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DTD Handbook

Handbook for Damage Tolerant Design

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    • Sections
      • 1. Introduction
      • 2. Fundamentals of Damage Tolerance
      • 3. Damage Size Characterizations
      • 4. Residual Strength
        • 0. Residual Strength
        • 1. Introduction
        • 2. Failure Criteria
        • 3. Residual Strength Capability
        • 4. Single Load Path Structure
        • 5. Built-Up Structures
        • 6. References
      • 5. Analysis Of Damage Growth
      • 6. Examples of Damage Tolerant Analyses
      • 7. Damage Tolerance Testing
      • 8. Force Management and Sustainment Engineering
      • 9. Structural Repairs
      • 10. Guidelines for Damage Tolerance Design and Fracture Control Planning
      • 11. Summary of Stress Intensity Factor Information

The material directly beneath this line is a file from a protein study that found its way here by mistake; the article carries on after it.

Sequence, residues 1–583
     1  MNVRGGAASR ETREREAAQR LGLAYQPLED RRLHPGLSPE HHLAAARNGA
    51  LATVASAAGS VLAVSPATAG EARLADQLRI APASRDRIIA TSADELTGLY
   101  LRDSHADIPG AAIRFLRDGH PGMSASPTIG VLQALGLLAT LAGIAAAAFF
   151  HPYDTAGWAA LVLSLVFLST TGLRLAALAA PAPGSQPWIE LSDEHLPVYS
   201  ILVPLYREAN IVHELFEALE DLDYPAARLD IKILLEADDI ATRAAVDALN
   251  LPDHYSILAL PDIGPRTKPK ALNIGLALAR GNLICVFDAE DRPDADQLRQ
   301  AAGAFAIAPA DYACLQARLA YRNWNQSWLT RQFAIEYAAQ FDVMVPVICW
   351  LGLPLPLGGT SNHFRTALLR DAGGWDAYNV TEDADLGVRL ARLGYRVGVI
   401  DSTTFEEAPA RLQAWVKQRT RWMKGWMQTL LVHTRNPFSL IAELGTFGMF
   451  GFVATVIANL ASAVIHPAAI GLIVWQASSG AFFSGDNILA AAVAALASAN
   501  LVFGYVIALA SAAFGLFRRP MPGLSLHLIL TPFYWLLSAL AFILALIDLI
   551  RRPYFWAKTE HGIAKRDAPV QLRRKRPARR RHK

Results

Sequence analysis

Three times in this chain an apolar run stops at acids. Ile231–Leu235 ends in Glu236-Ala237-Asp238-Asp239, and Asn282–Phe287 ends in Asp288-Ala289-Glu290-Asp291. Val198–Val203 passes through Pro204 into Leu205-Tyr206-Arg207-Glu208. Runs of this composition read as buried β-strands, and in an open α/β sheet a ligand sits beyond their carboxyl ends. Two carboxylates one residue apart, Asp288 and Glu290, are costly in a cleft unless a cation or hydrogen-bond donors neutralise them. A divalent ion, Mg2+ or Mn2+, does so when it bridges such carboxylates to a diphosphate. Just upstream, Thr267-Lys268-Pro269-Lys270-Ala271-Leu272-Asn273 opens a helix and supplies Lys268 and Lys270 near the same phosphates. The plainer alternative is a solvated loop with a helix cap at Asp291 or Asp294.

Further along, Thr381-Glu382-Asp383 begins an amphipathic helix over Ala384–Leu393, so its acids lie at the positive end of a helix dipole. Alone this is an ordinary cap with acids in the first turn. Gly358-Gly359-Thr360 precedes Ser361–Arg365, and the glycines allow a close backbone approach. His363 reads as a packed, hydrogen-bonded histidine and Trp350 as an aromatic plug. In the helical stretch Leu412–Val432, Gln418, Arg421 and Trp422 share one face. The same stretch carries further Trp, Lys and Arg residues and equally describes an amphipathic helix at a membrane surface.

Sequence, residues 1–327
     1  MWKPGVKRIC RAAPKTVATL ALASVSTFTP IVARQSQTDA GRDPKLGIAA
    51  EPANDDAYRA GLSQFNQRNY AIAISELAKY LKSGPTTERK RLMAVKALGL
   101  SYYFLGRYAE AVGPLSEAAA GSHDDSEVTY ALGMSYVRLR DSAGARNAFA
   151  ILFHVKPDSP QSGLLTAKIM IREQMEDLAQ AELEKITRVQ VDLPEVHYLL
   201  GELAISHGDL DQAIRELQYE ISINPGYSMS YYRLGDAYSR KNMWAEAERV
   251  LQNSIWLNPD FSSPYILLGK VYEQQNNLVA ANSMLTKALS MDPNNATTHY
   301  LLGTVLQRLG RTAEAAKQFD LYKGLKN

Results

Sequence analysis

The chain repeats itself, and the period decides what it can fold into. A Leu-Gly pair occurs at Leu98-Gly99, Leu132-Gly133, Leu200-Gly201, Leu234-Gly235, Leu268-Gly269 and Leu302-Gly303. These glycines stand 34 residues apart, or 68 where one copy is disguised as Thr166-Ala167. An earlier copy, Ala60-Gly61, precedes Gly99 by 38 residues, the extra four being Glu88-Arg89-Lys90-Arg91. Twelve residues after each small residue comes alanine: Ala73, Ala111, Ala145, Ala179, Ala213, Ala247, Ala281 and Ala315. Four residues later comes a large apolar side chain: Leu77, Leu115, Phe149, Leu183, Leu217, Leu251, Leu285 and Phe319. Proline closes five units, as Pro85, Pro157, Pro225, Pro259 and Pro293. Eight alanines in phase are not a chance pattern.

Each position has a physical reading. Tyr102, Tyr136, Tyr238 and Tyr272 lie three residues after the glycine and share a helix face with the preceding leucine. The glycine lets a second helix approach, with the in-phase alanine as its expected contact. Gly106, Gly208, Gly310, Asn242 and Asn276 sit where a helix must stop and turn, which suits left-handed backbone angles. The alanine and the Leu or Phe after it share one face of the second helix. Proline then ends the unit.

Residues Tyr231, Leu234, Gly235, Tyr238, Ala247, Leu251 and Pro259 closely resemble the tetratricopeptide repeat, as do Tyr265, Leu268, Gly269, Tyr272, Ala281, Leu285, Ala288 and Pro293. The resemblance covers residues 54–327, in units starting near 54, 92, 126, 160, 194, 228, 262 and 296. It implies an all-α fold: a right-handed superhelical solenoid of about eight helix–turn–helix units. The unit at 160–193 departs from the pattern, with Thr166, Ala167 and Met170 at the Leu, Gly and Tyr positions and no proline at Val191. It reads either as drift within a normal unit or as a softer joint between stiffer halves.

• Examples

Section 4.0. Residual Strength

The strength of a structure can be significantly affected by the presence of a crack and is usually substantially lower than the strength of the undamaged structure.  To prevent catastrophic failure, one must evaluate the load carrying capacity that will exist in the potentially cracked structure throughout its expected service life.  The load carrying capacity of a cracked structure is the residual strength of that structure and it is a function of material toughness, crack size, crack geometry and structural configuration.